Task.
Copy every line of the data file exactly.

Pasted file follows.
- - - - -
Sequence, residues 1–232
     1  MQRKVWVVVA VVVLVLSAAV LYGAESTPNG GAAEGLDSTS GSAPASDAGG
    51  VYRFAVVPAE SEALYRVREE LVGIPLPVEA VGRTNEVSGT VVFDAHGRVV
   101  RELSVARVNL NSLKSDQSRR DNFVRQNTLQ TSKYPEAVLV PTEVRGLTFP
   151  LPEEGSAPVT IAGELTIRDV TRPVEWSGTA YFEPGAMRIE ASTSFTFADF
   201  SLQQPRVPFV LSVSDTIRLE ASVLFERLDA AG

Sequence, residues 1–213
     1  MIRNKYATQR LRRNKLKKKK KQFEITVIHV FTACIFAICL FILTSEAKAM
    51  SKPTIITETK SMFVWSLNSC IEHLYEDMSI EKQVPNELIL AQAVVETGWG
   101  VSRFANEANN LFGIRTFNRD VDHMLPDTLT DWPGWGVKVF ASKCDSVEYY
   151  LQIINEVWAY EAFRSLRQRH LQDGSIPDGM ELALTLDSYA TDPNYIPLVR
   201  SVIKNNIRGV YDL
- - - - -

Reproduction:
Sequence, residues 1–232
     1  MQRKVWVVVA VVVLVLSAAV LYGAESTPNG GAAEGLDSTS GSAPASDAGG
    51  VYRFAVVPAE SEALYRVREE LVGIPLPVEA VGRTNEVSGT VVFDAHGRVV
   101  RELSVARVNL NSLKSDQSRR DNFVRQNTLQ TSKYPEAVLV PTEVRGLTFP
   151  LPEEGSAPVT IAGELTIRDV TRPVEWSGTA YFEPGAMRIE ASTSFTFADF
   201  SLQQPRVPFV LSVSDTIRLE ASVLFERLDA AG

Sequence, residues 1–213
     1  MIRNKYATQR LRRNKLKKKK KQFEITVIHV FTACIFAICL FILTSEAKAM
    51  SKPTIITETK SMFVWSLNSC IEHLYEDMSI EKQVPNELIL AQAVVETGWG
   101  VSRFANEANN LFGIRTFNRD VDHMLPDTLT DWPGWGVKVF ASKCDSVEYY
   151  LQIINEVWAY EAFRSLRQRH LQDGSIPDGM ELALTLDSYA TDPNYIPLVR
   201  SVIKNNIRGV YDL